Ur’s greatest ruler was the king Ur-Nammu who ruled between 2047 and 2030 BC. He built the famous ziggarut (massive raised structure that resembles a step pyramid with its terrace like form), many temples and improved on the region’s irrigation system.
At the height of its power Ur’s population was estimated to be around 65,000. However this dropped substantially following periods of droughts and sacking by nomad groups.
By 500 BC it was abandoned as power in the region shifted to the Northern Mesopotamian city of Babylonia. Nevertheless Ur features prominently in Biblical history. In the Book of Genesis Ur Kadashim is identified as the birthplace of Abraham and it is mentioned in Nehemiah as well. Ur was not the only Mesopotamian city of note. Eridu, Lagash, Nippur, Sippar and Uruk also played key roles in the regional history.

History Hour #3 - Epic of Gilgamesh

Dating back to the 21st century BC the Epic of Gilgamesh is regarded as the first great work of literature. The poem is a product of Ancient Mesopotamia and consists of two halves that span twelve tablets. The first half tells the story of the wild beast Enkidu and his adventures with Gilgamesh. Part two details Gilgamesh’s jouney to find the secret of eternal life following the death of Enkidu. Included in the second part is the tale of Utnapishtim and the Great Flood which is believed to have served as the inspiration for the flood narrative in Genesis.

The Gilgamesh epic has made its way into popular fiction and has clearly influenced both biblical and classic literature as well. It tells a similar story to Adam and Eve in the Garden of Eden, has parallel advice similar to that of the Book of Ecclesiastes, eludes to a Nebuchadnezzar-type Babylonian king and has an uncanny similarity to the works of the Greek bard Homer.

The Five Set Tennis Match

While I support pay equity in tennis I still take issue with the fact that the Women’s Grand Slam Events (Australia, French, Wimbledon, US Open) have not shifted to a best-of-five set format as opposed to the best-of-three scenario that currently prevails. If the sexes are to earn the same amount in prize money (even though the women’s game is markedly inferior on almost all measurable yardsticks of technical proficiency) then surely players should at least be expected to pla...y to the same level of competitive rigour especially in the big events. The Grand Slams represent the pinnacle of tennis achievement and those that succeed need to earn their spurs by being subjected to more stringent criteria than those of the regular tennis tournaments (which are generally best-of-three for both men and women). This issue has been brought up before, most recently by Andy Murray in 2013, but after the predictable shout downs by the feminist griping class is quickly swept under the table. Top female competitors are very much capable at playing to the five set format (in fact the season ending WTA tournament adapted the structure between 1983 and 1998) and rightfully should be made to do so to earn the multi-million dollar pay cheques that await the winners of these monumental tournaments. Lets stop with the excuses and get on with it. If you want the big money then work to earn it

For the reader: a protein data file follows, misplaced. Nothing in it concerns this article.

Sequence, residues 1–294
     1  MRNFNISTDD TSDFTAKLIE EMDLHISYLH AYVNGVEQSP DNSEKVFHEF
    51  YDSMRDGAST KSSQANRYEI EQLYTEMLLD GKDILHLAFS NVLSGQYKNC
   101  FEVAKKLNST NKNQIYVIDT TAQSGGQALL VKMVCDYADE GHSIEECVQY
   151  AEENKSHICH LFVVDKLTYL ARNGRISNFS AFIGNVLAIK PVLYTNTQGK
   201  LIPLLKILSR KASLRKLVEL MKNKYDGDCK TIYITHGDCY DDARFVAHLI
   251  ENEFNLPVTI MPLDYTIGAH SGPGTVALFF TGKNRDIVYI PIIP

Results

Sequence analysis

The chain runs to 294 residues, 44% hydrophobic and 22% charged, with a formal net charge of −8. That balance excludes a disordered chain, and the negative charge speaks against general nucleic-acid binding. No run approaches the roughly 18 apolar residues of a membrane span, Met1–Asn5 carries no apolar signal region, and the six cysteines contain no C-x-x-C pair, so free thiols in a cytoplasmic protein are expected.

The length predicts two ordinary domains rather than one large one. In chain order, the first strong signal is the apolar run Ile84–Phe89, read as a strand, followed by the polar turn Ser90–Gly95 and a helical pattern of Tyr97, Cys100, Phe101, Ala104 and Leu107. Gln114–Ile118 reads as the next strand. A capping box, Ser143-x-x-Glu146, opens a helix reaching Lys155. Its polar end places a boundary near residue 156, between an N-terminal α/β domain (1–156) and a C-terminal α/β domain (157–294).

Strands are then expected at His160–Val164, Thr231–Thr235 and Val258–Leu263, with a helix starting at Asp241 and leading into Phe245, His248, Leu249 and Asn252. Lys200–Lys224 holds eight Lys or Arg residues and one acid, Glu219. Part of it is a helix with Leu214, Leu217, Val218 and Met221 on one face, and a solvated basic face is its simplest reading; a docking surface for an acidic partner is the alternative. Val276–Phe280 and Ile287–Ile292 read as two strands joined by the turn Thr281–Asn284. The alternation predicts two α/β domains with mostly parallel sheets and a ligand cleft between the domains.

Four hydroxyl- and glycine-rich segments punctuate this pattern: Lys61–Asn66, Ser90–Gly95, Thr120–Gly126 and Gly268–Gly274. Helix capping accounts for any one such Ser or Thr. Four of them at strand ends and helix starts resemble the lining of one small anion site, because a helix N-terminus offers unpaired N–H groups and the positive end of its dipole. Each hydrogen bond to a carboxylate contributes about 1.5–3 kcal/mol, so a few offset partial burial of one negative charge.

Gay Marriage Decision

With the 5-4 US Supreme Court Decision Social Conservatives have lost yet another battle in the cultural war. The most recent defeat follows on losses that SoCons have suffered in the arenas of school prayer, intelligent design, divorce, birth control, sex education and if you want to go back far enough...Rock and Roll. Social Conservatism is clearly on the wrong side of what appears to be tsunami of changes that have engulfed the West from World War Two. Not being a social ...conservative (I am a Classic Liberal who emphasizes individual freedom) I do not take fault with the SCOTUS decision. Indeed I applaud it as a way of bringing into the fold those previously marginalized and enhancing the dynamics of marriage (a remarkable idea) as an important unit of stability in society. While SoCons may react with horror and indeed disbelief at the turn of events better questions to ask are: What defines Western Civilization in the first place? Is it our insistence on clinging to notions that splinter and thereby weaken society or is it the cultivation of a framework that guarantees freedom of being (the source of much of our innovation), non-hurtful action and extended cohesion across a broader platform?